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Brazil Begins Land Dispute Trial

August 14, 2000

RIO DE JANEIRO, Brazil (AP) _ Three police officers charged with killing 10 squatters in one of Brazil’s bloodiest land conflicts pleaded innocent Monday, telling a judge they acted in self-defense.

Airton Ramos de Morais, Jose Emilio da Silva Evangelista and Daniel da Silva Furtado are each charged with three counts of homicide in a 1995 clash that left 10 squatters and two police officers dead near the southern Amazon town of Corumbiara some 1,800 miles northwest of Rio de Janeiro.

In their opening testimony, each of the officers told Judge Sandra Santos that they had traveled to the Santa Eliana ranch with the intention of forcing out 500 squatters by cutting off their water and waiting them out.

But in the early hours of Aug. 9, 1995, commanding officers ordered them to advance on the squatters and a shootout ensued.

``I fired, my companions fired, the special operations commandos fired. It was a real confrontation,″ said Furtado, ``It wasn’t until it ended that I knew what happened.″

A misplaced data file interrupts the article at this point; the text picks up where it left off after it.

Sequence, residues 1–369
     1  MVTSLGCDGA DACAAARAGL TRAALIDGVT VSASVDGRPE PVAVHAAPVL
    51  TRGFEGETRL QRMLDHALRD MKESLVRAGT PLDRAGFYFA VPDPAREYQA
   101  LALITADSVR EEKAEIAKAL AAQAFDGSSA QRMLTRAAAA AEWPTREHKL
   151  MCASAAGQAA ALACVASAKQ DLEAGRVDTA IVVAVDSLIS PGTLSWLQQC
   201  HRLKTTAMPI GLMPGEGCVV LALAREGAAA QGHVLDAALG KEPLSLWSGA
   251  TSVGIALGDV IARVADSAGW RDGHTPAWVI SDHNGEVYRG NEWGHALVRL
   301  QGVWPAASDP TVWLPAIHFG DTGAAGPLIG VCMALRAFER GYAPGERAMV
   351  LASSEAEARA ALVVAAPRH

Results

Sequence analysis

Prosecutors allege some 300 police encircled the camp around 2 a.m., tossed in tear gas and stun grenades and invaded the settlement with guns blazing.

Autopsy reports later showed that of the 10 squatters killed, seven were shot point blank in the face, neck, chest and back. One victim, Ercilio Oliveira de Campos, was shot 19 times. Another, who was not identified, was shot 12 times in the face.

Lawyers for the police argue they were met with gunfire as they arrived to carry out an eviction order. Squatters had asked the government to carve out a small plot for them, but local ranchers insisted on expelling them.

``The police only reacted after the killing of two policemen in an area where there were 190 officers against 1,200 landless,″ Marcos Soares, a lawyer for the police told reporters before the trial.

Closing arguments were expected later in the week and a verdict was likely either Thursday or Friday.

Security around the courthouse was tight with hundreds of police outside and federal agents inside.

The trial is the first in a series of such proceedings expected to last through early September. Thirteen officers and two squatters will be tried.

The case has taken five years to get to trial due to the complex nature of the country’s justice system. Some say the politically explosive nature of the case has also dragged the matter out.

Unequal land distribution is at the root of rural violence in Brazil, where 90 percent of the land belongs to 20 percent of the people, and the poorest 40 percent own just 1 percent of the land.

Over the past decade more than 1,000 people have lost their lives in land disputes in Brazil, according to the Land Pastoral, a Catholic group that advocates land reform.

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